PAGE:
Xiaohui Chen, China
Throughout history emerging technologies have driven major shifts in the way cities and their societies have been planned and functioned. Today, with the development of artificial intelligence, the internet, autonomous vehicles, virtual reality, and quantum computing, we find ourselves again on the brink of a new urban transition.
It is argued that the onset of high technology will dramatically transform our countryside landscape. The technology of highways and the internet of things are uniting the scattered small rural communities into a vast connected network, linking tightly to their adjacent urban areas. The vertical hierarchical agriculture marketing system is broken, shifted into a flat one of C2C, and the distant-oriented culture recognition of village being changed into character-oriented. So village communities of special recourses such as distinct features or agriculture productions will gain more opportunities than the past, when only those near big cities or important ports developing more. However, the hot spot of rural areas driven by high-tech getting more capital from cities are becoming landscape homogeneity and getting social dismembered. How to benefit the rural community members and preserve their culture heritage are urgent issues for urban planners.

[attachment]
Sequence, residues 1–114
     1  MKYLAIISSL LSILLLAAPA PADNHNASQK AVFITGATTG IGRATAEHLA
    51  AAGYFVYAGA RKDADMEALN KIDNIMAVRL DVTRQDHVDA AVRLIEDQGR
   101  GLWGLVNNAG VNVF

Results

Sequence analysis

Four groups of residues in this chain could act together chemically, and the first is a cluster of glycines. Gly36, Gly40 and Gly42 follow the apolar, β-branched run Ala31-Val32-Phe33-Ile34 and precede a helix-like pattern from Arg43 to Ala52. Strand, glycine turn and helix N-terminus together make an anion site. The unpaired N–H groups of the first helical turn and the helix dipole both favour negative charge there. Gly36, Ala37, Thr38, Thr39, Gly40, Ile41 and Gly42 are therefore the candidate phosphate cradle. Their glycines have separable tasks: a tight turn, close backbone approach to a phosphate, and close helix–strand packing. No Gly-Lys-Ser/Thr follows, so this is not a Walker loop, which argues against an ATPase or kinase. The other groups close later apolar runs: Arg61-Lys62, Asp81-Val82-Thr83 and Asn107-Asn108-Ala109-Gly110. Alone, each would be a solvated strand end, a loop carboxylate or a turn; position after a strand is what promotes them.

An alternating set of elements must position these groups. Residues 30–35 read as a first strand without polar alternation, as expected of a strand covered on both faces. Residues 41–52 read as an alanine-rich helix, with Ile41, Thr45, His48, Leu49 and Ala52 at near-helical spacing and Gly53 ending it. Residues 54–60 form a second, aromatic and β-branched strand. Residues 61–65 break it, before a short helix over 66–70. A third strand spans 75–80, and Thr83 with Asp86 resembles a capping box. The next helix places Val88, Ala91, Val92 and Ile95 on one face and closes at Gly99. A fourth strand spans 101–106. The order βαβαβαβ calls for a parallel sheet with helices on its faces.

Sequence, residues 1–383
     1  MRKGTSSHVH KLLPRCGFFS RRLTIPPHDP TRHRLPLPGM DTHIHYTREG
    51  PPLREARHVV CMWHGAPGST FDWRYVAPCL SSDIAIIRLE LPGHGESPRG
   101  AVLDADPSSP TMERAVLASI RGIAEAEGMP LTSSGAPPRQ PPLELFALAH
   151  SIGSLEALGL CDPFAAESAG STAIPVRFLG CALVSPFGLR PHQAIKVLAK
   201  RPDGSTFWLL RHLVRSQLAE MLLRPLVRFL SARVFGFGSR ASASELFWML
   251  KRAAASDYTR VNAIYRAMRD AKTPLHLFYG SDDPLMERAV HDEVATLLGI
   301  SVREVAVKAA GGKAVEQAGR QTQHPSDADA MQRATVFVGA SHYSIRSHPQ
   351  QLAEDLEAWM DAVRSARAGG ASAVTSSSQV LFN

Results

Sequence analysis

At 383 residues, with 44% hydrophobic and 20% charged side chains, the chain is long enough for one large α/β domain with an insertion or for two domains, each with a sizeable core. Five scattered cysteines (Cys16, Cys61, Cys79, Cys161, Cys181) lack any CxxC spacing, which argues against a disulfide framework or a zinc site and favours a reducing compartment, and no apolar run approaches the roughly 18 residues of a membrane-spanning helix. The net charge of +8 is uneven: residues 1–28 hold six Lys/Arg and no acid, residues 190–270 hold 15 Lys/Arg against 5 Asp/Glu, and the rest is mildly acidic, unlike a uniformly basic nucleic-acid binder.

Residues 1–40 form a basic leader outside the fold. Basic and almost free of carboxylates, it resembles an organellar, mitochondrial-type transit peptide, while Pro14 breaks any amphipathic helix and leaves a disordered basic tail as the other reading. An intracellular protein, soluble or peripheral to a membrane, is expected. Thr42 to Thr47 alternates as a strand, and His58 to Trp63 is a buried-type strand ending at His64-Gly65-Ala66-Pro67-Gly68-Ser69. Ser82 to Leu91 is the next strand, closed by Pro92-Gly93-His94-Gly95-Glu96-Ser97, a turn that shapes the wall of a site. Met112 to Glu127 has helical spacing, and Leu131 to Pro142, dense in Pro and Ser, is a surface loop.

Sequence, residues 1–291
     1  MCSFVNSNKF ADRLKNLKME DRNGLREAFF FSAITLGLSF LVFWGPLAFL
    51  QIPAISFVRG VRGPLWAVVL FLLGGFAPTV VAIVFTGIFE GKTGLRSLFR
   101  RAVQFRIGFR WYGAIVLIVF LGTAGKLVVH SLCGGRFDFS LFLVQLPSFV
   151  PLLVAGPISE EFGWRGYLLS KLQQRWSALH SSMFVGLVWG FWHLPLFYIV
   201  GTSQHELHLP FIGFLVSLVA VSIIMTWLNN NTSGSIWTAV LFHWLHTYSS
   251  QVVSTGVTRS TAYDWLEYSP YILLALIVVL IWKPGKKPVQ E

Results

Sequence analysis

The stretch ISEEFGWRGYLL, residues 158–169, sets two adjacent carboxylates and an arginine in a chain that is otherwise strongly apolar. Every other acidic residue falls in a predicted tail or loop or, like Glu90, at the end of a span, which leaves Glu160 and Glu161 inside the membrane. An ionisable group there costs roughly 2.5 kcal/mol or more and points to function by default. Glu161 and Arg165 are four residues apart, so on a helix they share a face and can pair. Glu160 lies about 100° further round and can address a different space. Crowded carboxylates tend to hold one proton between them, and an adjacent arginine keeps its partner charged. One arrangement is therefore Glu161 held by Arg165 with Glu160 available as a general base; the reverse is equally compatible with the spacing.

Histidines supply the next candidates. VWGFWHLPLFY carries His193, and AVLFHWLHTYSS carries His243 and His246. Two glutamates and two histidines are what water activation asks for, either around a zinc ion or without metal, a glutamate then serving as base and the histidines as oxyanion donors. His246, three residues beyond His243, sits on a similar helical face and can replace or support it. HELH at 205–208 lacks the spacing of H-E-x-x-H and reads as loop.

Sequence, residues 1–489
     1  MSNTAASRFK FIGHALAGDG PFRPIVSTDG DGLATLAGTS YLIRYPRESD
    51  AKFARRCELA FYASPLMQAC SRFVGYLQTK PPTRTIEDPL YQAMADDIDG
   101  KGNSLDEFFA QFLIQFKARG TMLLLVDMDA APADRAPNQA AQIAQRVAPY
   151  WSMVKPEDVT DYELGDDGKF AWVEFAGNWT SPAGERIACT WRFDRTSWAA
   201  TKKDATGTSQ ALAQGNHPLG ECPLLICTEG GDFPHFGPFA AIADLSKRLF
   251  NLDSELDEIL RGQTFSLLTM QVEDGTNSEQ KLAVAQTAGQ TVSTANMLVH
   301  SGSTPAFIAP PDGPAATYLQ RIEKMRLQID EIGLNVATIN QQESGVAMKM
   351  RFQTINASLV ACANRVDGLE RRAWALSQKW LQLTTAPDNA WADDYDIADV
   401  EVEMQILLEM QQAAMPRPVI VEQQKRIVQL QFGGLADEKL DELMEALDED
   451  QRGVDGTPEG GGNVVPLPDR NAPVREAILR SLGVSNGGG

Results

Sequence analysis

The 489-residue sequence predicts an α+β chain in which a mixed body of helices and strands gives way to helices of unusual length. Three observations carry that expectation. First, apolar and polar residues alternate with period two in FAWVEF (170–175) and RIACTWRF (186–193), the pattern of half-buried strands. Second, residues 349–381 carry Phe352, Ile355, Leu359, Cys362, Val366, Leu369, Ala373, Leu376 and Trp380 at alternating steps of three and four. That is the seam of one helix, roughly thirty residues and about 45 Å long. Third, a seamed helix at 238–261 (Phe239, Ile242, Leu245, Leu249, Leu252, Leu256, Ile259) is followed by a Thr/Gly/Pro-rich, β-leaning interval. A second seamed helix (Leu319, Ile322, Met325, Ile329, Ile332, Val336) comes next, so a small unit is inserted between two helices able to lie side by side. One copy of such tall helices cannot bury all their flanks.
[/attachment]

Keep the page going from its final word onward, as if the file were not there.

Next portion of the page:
It is therefore worthwhile taking a moment to ponder this immediate transition, considering exactly what kinds of shifts small communities are experiencing and how, unlike previous transitions, our urban and rural human settlements can collectively and individually ensure that the benefits are based upon and shared among all people. Under the umbrella topic of Smart Communities, this track of conference aims to facilitate a better understanding of the effects and challenges of the cumulative growth of contemporary urban technologies within the communities and planning sectors.
- Lighting up the Discovery Corridor – the Port of Ridgefield’s dark fiber optics infrastructure
The City of Ridgefield is one of the fastest growing cities in the state of Washington. However, Ridgefield is lacking a robust fiber-optic system. The Port of Ridgefield is proposing to invest in dark fiber-optic infrastructure to promote world-class, high performance economic development in southwest Washington’s Discovery Corridor.
- Smart Communities
With the help of science and technology, smart communities can not only improve the quality of our lives, but also bring new opportunities for the development of cities and rural areas as well. In this context, how to planning a more eco and liveable village in the traditional agriculture area? How to achieve smart placemaking by using innovative approach? How can we better use the applications and tools to plan smarter local communities? How to resolve rural-urban crisis by adopting the appropriate technology? What are the practical way do smart community benefit residents? To answer these questions, we need to look world widely, where the smart communities are bringing great opportunities to these places, so as to seek for some inspirations.
- Technology and society